Tree n Tulips

9×12 original pastel on La Carte paper, $235, framed, plus shipping

Some paintings paint themselves.  “How long did it take to paint this?” people ask.  I tell them it took X hours, plus 16 years.  When I am in the zone, it is magical, easy, intuitive and colorful.  I had just finished six portrait commissions and it was time to cut loose.  I painted knowing I didn’t have to please anyone.  This one is for me.  This one is for fun.  I like how it turned out…free, fanciful, flavorful.

Play

12×16 original pastel on La Carte paper, $350, framed, plus shipping

There is something about a beach that requires full concentration and attention.  No multitasking allowed on that sand playground.  I like that idea…full fledged absorption into a task, whether it is building a sandcastle, burying a friend and his wiggling toes or making a river that extends from the water source.  I find myself multitasking throughout my entire day. I talk on the phone, check my e-mail, clean the bathroom, organize shelves…all at the same time. Multitasking is killing me.  My brain is jumpy.  I think I may have misplaced some of it.  The only problem is that I don’t do anything very well. This painting reminds me of what life is about. I would like my life simpler, more purposeful and healthier.

In Search of the Perfect Magnolia Tree

I get sheepish when I am getting ready to go on an artist date.  Have the dogs been out?   Check. Has everyone eaten? Check. Do I have my camera? Check. I sometimes look for reasons why I have to stay.  My husband is so good.  He supports me 100 percent.  “Have a great time,” he says as he gets on the riding lawn mower.  I feel bad that he is working around the house and I am not.  Good grief, I just need to get into that car and go.

Last week I was all set to find the perfect magnolia tree.  I am on a magnolia roll.  Besides, if I didn’t go soon, they would all be gone.  Magnolia blossoms only happen once a year and if you don’t catch them in their splendor, you have a long wait til next June.  Every time I had been out running errands I saw the most wonderful trees but didn’t have the time to stop or didn’t have my camera to record such beauty.  This was it.  I needed to perform.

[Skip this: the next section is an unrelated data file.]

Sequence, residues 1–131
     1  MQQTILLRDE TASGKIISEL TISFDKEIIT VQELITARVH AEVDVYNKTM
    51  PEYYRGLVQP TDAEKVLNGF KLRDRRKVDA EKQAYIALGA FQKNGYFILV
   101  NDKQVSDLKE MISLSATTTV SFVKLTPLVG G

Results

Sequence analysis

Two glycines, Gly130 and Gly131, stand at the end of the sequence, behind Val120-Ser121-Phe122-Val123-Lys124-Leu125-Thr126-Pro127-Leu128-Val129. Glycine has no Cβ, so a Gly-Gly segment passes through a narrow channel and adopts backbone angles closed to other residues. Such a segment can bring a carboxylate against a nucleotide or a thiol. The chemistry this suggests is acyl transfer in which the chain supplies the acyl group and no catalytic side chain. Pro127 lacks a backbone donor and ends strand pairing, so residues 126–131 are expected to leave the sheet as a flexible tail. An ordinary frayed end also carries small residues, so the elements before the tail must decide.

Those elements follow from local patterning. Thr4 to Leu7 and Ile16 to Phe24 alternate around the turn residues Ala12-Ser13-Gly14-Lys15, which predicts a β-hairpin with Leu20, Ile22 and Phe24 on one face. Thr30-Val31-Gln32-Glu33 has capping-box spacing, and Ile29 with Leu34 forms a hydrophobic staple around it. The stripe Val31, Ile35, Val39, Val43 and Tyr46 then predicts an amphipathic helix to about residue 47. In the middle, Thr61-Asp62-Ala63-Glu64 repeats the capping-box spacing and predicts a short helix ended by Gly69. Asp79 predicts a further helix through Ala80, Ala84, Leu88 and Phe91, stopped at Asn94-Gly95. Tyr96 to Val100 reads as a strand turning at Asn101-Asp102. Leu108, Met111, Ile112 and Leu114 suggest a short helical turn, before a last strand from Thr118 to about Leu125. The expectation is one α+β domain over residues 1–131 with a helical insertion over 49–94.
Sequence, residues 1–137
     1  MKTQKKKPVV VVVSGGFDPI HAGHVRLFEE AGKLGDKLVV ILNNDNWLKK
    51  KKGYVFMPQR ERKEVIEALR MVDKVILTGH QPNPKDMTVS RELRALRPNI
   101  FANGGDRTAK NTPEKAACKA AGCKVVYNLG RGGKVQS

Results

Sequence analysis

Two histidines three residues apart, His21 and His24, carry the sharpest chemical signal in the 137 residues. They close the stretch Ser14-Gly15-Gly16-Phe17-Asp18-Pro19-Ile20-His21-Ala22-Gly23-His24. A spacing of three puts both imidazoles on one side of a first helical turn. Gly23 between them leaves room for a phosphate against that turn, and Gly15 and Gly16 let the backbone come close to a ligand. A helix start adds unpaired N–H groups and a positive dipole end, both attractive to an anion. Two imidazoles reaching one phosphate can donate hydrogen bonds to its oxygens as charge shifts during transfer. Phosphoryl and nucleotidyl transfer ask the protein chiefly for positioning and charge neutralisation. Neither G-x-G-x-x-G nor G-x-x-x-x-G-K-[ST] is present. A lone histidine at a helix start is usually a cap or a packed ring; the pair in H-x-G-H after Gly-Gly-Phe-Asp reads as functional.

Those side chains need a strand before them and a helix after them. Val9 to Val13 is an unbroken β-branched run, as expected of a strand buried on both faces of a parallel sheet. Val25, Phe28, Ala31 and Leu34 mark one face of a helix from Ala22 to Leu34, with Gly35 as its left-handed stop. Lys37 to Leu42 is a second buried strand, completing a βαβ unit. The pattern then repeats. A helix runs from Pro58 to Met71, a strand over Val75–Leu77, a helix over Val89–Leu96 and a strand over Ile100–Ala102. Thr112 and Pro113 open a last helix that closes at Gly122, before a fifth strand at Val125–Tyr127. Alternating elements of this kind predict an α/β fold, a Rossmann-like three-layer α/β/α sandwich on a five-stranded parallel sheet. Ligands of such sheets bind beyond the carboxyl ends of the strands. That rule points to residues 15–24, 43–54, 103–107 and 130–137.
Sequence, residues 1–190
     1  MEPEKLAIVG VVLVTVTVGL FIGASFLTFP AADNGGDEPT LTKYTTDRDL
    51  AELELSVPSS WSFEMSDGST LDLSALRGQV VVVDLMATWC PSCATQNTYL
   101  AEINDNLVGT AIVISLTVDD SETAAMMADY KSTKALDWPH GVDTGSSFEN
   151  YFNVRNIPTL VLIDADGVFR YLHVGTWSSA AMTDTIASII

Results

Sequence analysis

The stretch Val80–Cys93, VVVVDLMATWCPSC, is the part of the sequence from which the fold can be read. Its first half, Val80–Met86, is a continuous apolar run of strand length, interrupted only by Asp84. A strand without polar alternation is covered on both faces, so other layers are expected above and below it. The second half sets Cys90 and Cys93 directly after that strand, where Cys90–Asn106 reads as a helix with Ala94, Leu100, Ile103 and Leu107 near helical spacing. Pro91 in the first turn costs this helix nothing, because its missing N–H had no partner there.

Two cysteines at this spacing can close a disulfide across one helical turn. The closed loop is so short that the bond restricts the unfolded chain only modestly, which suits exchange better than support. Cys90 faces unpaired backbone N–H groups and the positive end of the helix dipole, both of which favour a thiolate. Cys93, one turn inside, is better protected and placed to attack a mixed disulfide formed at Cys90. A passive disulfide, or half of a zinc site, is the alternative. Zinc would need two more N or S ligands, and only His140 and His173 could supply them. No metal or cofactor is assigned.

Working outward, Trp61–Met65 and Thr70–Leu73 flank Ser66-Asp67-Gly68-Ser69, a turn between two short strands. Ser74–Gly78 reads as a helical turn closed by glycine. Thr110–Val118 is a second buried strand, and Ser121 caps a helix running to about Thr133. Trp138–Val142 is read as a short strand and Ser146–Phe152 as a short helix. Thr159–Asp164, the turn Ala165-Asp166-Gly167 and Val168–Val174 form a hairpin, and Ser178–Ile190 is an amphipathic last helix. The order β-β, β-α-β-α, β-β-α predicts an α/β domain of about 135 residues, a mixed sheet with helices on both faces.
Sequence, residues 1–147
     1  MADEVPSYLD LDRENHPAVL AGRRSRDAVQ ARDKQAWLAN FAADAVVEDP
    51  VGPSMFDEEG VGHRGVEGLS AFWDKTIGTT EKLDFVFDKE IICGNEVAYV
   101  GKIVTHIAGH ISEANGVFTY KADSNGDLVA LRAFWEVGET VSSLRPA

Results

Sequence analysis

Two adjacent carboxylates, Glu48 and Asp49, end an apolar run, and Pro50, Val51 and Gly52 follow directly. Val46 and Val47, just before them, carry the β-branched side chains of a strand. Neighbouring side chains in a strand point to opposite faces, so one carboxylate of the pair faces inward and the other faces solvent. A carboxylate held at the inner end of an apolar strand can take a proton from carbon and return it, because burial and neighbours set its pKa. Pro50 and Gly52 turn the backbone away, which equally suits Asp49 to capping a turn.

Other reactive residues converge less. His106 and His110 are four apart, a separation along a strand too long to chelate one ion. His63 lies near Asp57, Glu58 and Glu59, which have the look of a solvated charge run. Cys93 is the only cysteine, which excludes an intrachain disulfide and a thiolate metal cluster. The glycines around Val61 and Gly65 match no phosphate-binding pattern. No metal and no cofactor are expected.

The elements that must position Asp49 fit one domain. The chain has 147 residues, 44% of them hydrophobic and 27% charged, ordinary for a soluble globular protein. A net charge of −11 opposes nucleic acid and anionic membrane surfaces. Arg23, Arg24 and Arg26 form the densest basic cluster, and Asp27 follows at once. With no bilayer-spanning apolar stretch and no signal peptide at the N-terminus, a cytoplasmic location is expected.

During my journalism days, my favorite part of being a reporter wasn’t investigating or talking to anyone…it was composing the story.  If I didn’t get the good quotes or ask enough questions, my stories were weak.  I am a naturally shy person but can overcome that tendency if I am properly motivated.  It is the same with photography and getting a good painting.

My plan was to head down the side street and check out the magnolia trees that I saw on my walk that previous morning.  At House 1 I slung my camera around my neck…that would show that I was a serious artist.  I confidently knocked….no doorbell.  No one.  Gosh, such a huge magnolia tree.  I am in the South.  I am in the country.  One could get shot for trespassing.  I went around to the back porch.  I knocked.  Cute,  older Southern lady answered.  She was delighted at my request.  I am in!  I headed back to that front yard and realized that most of the blossoms were too high.  Some had been battered about from the huge thunderstorm the night before.  Some were turning brown.  The sun was hiding behind some clouds.  Drat!  Imperfect lighting.  My intense paintings need intense lighting.